What Is Electromagnetic Radiation? Think Waves

3-4

ENERGY

What Is Energy? Doing Work and Transferring Heat

Some energy travels in waves at the speed of light. Another type of energy is electromagnetic radiation. It is energy traveling in the form of a wave as a result of changing electric and magnetic fields. There are many different forms of electromagnetic radiation, each with a different wavelength (distance between successive peaks or troughs in the wave) and energy content, as shown in Figure 3-9. Such radiation travels through space at the speed of light, which is about 300,000 kilometers (186,000 miles) per second. That is fast.

Energy is the work needed to move matter and the heat that flows from hot to cooler samples of matter. Energy is the capacity to do work and transfer heat. Work is performed when an object such as a grain of sand, this book, or a giant boulder is moved over some distance. Work, or matter movement, also is needed to boil water or burn natural gas to heat a house or cook food. Energy is also the heat that flows automatically from a hot object to a cold object when they come in contact.

Sun High energy, short wavelength Ionizing radiation Low energy, long wavelength Nonionizing radiation

Cosmic rays

Gamma rays

X rays

Far ultraviolet waves

Near Visible ultraviolet waves waves

Near infrared waves

Far infrared waves

Microwaves

TV waves

Radio waves

Wavelength 10 14 in meters (not to scale)

10 12

10 8

10 7

10 6

10 5

10 3

10 2

10 1

Figure 3-9 The electromagnetic spectrum: the range of electromagnetic waves, which differ in wavelength (distance between successive peaks or troughs) and energy content.

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Energy emitted from sun (kcal/cm2/min)

15

10

when an electric current passes through a wire or a motor is harmful to humans. The visible light that you can detect with your eyes is a form of nonionizing radiation that occupies only a small portion of the full range, or spectrum, of different types of electromagnetic radiation. We are energy challenged because our senses can detect only a tiny amount of the different types of electromagnetic radiation that are all around us. Figure 3-10 shows that visible light makes up most of the spectrum of electromagnetic radiation emitted by the sun.
Visible Ultraviolet Infrared

What Is Heat and How Is It Transferred? Three Ways to Tango

0.25

2.5

Wavelength (micrometers)
Figure 3-10 Solar capital: the spectrum of electromagnetic radiation released by the sun consists mostly of visible light.

Heat is the total kinetic energy of all the parts of a sample of matter and is transferred from one place to another by convection, conduction, and radiation. Heat is the total kinetic energy of all the moving atoms, ions, or molecules within a given substance, excluding the overall motion of the whole object. For example, a glass of water consists of zillions of water molecules in constant motion. The heat stored in this sample of water is the total kinetic energy of all of these moving molecules. The term heat is also used to describe the energy that can be transferred between objects at different temperatures. Temperature is the average speed of motion of the atoms, ions, or molecules in a sample of matter at a given moment. For example, the molecules in a sample of water in a glass have a certain average speed of motion. This is what we call its temperature. Heat can be transferred from one place to another by three different methods. Study Figure 3-11 for an explanation of these methods.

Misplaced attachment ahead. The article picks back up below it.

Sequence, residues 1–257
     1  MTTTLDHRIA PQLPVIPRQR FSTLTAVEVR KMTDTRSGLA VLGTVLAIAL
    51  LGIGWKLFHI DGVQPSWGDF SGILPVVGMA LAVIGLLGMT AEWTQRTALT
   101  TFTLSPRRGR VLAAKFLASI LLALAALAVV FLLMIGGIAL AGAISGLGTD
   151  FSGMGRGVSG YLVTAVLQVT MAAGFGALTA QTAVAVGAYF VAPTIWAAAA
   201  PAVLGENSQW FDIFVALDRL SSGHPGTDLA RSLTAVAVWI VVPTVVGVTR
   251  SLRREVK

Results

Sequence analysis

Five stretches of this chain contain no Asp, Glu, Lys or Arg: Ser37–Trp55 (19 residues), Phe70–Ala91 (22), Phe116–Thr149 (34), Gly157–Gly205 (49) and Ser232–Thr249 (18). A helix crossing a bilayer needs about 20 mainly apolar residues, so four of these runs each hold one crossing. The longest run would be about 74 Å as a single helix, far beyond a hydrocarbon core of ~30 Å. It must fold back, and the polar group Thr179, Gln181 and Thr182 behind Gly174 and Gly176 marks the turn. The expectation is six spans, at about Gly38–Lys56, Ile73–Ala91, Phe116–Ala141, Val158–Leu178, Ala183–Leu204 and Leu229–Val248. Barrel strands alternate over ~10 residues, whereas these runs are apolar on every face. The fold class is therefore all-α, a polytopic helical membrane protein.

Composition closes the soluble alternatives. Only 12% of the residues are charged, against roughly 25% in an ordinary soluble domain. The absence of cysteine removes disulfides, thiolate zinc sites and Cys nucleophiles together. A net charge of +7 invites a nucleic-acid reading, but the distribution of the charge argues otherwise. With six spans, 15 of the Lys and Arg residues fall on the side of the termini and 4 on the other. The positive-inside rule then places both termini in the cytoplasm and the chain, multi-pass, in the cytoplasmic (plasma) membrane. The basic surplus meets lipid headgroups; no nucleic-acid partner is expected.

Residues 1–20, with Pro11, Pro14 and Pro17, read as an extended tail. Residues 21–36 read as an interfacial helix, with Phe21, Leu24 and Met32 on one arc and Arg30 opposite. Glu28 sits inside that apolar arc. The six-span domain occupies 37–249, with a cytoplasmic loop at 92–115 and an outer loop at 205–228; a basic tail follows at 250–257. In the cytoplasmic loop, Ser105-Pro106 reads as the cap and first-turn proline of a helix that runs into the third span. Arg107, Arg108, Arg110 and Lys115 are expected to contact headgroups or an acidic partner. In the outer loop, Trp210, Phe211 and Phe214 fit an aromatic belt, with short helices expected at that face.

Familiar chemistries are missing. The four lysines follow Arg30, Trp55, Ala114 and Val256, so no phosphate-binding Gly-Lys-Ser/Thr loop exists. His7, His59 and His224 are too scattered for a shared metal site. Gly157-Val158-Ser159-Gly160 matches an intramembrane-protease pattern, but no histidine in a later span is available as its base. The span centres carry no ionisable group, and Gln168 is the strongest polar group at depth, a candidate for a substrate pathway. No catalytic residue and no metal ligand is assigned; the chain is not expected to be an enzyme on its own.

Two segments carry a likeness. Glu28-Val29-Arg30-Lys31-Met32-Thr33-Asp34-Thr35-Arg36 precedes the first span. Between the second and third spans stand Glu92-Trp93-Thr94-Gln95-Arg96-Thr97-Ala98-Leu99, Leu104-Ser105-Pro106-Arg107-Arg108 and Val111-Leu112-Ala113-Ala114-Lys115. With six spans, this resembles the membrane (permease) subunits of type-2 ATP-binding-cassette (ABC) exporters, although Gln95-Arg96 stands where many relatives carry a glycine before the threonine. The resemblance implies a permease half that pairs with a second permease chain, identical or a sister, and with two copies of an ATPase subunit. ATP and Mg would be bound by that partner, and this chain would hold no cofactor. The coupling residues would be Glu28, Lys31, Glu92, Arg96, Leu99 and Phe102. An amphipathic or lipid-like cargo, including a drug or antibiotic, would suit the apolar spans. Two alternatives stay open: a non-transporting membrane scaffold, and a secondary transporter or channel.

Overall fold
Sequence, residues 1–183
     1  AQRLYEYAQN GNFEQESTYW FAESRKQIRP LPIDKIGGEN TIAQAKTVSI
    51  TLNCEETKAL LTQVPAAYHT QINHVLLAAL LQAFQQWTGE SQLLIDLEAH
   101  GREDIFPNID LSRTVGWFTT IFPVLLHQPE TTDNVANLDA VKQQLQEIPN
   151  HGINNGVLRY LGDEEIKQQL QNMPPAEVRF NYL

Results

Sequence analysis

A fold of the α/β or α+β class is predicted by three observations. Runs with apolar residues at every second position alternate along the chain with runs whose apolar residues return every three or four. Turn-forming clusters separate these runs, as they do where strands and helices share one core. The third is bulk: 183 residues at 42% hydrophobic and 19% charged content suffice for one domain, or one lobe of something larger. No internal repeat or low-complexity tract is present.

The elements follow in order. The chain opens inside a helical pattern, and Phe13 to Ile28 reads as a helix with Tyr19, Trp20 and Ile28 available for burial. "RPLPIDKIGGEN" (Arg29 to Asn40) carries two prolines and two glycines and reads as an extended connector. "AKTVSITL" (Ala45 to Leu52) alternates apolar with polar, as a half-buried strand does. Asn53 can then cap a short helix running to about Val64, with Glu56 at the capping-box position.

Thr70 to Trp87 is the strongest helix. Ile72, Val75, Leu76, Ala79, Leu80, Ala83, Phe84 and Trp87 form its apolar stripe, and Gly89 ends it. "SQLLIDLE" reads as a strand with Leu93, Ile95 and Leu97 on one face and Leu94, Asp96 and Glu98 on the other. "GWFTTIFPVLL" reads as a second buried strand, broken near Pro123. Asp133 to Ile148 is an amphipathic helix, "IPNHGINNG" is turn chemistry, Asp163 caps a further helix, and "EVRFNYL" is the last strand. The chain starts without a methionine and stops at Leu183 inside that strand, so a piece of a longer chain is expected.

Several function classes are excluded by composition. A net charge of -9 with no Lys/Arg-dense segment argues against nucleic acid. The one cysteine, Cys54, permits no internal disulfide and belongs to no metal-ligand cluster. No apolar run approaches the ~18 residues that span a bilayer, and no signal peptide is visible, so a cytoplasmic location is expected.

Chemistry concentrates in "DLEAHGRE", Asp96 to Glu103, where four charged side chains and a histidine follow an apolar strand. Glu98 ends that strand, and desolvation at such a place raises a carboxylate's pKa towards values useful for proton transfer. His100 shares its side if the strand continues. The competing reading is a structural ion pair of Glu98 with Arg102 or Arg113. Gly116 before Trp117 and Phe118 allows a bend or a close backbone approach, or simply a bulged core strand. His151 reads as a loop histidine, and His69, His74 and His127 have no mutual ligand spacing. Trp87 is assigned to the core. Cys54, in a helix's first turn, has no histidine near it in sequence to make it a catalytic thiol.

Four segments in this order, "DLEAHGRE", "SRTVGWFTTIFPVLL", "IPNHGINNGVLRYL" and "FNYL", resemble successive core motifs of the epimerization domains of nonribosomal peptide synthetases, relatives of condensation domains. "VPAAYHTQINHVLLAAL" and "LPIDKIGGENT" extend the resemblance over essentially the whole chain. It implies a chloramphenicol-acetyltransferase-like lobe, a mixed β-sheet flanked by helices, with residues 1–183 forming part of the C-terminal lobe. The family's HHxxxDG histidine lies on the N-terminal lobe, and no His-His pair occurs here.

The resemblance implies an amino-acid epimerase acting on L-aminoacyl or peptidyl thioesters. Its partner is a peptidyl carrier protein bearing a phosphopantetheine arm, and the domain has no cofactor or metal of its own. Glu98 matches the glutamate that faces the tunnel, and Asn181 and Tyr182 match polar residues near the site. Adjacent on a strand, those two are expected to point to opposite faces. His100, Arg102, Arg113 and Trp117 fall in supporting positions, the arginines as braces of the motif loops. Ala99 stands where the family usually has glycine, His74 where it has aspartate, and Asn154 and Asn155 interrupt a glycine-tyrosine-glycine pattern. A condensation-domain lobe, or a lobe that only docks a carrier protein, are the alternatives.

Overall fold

Cosmic rays, gamma rays, X rays, and ultraviolet radiation (Figure 3-9, left side) are called ionizing radiation because they have enough energy to knock electrons from atoms and change them to positively charged ions. The resulting highly reactive electrons and ions can disrupt living cells, interfere with body processes, and cause many types of sickness, including various cancers. The other forms of electromagnetic radiation (Figure 3-9, right side) do not contain enough energy to form ions and are called nonionizing radiation. No scientific consensus exists on whether nonionizing forms of electromagnetic radiation given off

Convection

Conduction

Radiation

Heating water in the bottom of a pan causes some of the water to vaporize into bubbles. Because they are lighter than the surrounding water, they rise. Water then sinks from the top to replace the rising bubbles.This up and down movement (convection) eventually heats all of the water.

Heat from a stove burner causes atoms or molecules in the pans bottom to vibrate faster. The vibrating atoms or molecules then collide with nearby atoms or molecules, causing them to vibrate faster. Eventually, molecules or atoms in the pans handle are vibrating so fast it becomes too hot to touch.

As the water boils, heat from the hot stove burner and pan radiate into the surrounding air, even though air conducts very little heat.

Figure 3-11 Three ways in which heat can be transferred from one place to another.

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Electricity Very high temperature heat (greater than 2,500C) Nuclear fission (uranium) Nuclear fusion (deuterium) Concentrated sunlight High-velocity wind

Very high

Very high-temperature heat (greater than 2,500C) for industrial processes and producing electricity to run electrical devices (lights, motors)

High-temperature heat (1,0002,500C) Hydrogen gas Natural gas Gasoline Coal Food

High

Mechanical motion (to move vehicles and other things) High-temperature heat (1,0002,500C) for industrial processes and producing electricity